— Forest County Potawatomi Chairman Ned Daniels is praising legislators for their efforts to address the opioid epidemic.
But Daniels in yesterday’s State of the Tribes address also acknowledged there is still much more to do. And he urged lawmakers to “not give complacency a home” when tackling such challenging issues.
“And there is no challenge more complex than that of the opioid epidemic,” Daniels said before constitutional officers and a joint session in the Assembly chamber. “It has no regard for age, race, gender or income and has likely impacted many of you here today.”
Daniels said native communities have been some of the hardest hit by the epidemic. And he thanked Rep. John Nygren, R-Marinette, for his efforts on the HOPE Agenda to prevent opioid abuse.
Daniels further called on lawmakers to “include missing, murdered native women and girls” when working on human trafficking legislation. He mentioned President Trump’s White House Task Force on Missing and Murdered American Indians and Alaska Natives as one way the states and tribal nations can collaborate with the federal government on the matter.
Daniels also thanked Gov. Tony Evers for creating the Governor’s Task Force on Climate Change, as well as members of the Speaker’s Task Force on Water Quality for their work over the last year on bills that would take steps to prevent further water contamination.
— The Assembly has unanimously backed a bill to create new regulations for middlemen between drug makers and pharmacies that negotiate prices with both.
Pharmacy benefit managers are currently regulated by federal law, but the Office of Commissioner of Insurance has no authority over them.
AB 114 would put a series of regulations in place, such as requiring PBMs to be licensed, with the goal of holding down prescription drug prices.
Bill author Rep. Michael Schraa praised bipartisan cooperation in crafting the measure, which has garnered over 100 cosponsors. The Oshkosh Republican said lawmakers “put together what we really thought would be the best bill for the taxpayers of our state.”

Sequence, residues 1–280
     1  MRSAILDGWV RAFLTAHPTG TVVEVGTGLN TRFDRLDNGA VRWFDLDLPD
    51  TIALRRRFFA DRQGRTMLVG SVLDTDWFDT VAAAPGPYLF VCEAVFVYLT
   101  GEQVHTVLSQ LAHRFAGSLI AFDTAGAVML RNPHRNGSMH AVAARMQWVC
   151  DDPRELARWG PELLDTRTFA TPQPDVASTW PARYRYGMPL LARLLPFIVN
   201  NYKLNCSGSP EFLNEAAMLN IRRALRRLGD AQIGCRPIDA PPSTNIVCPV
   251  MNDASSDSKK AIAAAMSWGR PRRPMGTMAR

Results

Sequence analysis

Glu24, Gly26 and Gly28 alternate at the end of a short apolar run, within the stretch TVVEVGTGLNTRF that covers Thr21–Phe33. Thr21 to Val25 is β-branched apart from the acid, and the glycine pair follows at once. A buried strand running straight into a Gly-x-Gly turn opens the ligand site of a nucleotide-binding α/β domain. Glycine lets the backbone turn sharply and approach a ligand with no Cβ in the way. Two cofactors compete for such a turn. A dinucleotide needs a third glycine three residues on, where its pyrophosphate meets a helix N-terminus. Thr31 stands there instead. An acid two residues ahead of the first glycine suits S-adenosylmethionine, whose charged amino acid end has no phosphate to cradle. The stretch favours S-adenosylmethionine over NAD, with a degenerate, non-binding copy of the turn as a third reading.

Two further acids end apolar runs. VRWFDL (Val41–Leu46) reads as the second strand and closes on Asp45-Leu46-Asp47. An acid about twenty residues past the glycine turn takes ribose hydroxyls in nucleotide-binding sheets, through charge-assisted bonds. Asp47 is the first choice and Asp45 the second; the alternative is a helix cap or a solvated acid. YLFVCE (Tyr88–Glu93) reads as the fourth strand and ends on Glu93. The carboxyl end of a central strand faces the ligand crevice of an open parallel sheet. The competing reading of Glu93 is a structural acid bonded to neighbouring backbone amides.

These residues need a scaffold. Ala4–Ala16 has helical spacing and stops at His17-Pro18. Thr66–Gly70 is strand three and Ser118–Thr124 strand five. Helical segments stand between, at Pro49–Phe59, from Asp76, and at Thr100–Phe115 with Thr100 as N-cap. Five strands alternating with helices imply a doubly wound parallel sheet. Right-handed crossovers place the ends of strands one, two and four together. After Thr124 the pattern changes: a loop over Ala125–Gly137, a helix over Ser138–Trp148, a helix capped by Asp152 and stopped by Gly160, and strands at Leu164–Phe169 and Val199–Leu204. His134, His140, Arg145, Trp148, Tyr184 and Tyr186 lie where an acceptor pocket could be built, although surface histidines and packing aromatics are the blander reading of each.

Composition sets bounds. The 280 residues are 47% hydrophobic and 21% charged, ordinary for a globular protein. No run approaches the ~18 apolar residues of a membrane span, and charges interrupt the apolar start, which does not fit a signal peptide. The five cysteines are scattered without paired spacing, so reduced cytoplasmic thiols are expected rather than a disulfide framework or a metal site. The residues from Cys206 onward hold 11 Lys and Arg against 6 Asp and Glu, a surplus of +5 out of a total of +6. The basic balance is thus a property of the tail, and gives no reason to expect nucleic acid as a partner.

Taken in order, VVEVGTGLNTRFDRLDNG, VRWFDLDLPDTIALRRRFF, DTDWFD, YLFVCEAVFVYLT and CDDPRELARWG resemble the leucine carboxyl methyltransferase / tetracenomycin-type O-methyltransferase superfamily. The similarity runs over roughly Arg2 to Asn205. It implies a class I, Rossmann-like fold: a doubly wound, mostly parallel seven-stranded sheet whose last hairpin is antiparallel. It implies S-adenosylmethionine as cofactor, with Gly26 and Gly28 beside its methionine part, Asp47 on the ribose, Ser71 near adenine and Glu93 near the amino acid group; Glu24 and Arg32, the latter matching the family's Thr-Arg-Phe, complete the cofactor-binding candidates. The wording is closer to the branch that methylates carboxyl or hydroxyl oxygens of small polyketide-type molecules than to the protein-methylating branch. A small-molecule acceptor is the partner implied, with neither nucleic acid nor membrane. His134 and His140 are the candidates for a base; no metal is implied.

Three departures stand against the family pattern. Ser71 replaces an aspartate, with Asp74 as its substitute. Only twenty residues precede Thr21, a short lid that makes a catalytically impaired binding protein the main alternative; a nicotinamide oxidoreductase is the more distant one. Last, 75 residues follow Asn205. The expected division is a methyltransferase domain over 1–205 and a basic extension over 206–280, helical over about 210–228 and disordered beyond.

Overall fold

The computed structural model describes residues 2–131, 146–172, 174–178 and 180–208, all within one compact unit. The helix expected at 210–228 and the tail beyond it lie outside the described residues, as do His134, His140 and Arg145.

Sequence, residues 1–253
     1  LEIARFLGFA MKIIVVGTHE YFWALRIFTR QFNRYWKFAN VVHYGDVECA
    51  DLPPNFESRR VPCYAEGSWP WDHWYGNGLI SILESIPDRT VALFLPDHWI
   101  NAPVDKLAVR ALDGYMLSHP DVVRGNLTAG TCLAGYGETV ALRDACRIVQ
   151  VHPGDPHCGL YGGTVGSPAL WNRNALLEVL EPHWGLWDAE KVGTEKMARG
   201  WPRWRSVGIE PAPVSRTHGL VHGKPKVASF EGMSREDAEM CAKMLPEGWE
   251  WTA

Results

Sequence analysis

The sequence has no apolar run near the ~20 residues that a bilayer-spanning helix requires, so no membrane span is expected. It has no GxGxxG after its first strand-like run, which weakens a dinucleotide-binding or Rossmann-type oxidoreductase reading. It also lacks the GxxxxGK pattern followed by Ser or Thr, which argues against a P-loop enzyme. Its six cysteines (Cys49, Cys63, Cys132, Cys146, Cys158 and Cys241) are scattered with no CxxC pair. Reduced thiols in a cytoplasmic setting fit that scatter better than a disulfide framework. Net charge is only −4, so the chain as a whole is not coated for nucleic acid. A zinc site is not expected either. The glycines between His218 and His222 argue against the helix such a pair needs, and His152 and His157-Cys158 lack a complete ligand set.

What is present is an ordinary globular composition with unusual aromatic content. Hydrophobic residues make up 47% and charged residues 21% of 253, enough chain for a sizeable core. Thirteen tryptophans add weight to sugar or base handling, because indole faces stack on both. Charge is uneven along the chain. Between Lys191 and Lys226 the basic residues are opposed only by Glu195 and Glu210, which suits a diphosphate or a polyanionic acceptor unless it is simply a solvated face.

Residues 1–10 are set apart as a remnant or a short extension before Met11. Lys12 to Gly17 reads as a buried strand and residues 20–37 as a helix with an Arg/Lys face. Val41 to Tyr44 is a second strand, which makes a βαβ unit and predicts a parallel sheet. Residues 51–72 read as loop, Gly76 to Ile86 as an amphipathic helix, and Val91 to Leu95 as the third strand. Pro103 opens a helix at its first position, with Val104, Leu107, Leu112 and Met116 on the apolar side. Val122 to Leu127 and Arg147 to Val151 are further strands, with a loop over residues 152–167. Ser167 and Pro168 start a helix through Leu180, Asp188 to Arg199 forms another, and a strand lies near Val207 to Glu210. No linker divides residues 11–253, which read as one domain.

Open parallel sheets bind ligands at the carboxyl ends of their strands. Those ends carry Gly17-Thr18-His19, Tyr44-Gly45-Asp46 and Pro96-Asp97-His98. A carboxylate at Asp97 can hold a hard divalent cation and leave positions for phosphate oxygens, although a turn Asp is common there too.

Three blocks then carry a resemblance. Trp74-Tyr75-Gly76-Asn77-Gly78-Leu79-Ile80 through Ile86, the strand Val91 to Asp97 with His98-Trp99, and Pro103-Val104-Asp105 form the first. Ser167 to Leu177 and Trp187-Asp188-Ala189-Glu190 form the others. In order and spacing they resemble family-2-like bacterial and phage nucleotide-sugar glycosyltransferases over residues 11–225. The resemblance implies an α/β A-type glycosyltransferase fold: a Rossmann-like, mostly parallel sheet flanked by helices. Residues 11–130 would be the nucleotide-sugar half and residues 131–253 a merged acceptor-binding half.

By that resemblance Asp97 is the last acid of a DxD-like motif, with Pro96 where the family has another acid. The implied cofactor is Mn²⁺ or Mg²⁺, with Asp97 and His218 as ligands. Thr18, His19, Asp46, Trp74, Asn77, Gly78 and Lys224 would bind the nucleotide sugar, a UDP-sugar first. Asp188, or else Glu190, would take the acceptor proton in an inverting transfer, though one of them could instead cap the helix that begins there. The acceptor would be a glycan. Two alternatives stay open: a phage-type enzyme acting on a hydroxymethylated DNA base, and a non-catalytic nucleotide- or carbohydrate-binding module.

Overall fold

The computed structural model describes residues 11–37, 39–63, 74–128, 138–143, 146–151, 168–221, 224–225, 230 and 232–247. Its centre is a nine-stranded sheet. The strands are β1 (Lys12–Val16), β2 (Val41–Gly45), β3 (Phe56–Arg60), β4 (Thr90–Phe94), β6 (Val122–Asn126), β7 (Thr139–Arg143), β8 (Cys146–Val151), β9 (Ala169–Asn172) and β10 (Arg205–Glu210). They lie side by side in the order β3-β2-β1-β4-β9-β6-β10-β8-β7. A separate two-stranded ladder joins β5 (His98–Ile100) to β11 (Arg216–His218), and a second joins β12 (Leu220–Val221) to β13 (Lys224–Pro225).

“Nobody should be deciding between putting food on the table and what drugs to take,” he said.
Co-author Rep. Deb Kolste, D-Janesville, praised Schraa for his work, saying “there could not be a better advocate in this building” for the issue.
But she lamented a number of changes made to the original bill that she said led to “less consumer protection and less aid to our local pharmacies.”
— The Joint Finance Committee has voted along party lines to sign off on a $392.4 million package that would cut income taxes, provide local governments more state aid to cover an expanded property tax break for businesses and pay down debt.
Republicans hailed the proposal to use a projected surplus as a win for lower- and middle-class earners with the bulk of the cut going to an income tax reduction. Joint Finance Co-chair John Nygren, R-Marinette, slammed Dems for preferring a proposal from Gov. Tony Evers he said would’ve provided tax relief that skewed more toward the wealthy.
But Dems accused their GOP colleagues of favoring corporations over education for rejecting Evers’ $251.9 million plan for the surplus. He wanted to put $130 million into school aids, which would result in a corresponding reduction in the property taxes that districts can collect in the 2020-21 school year. The rest of the package included provisions such as investing more money into mental health services and aid for small, rural school districts.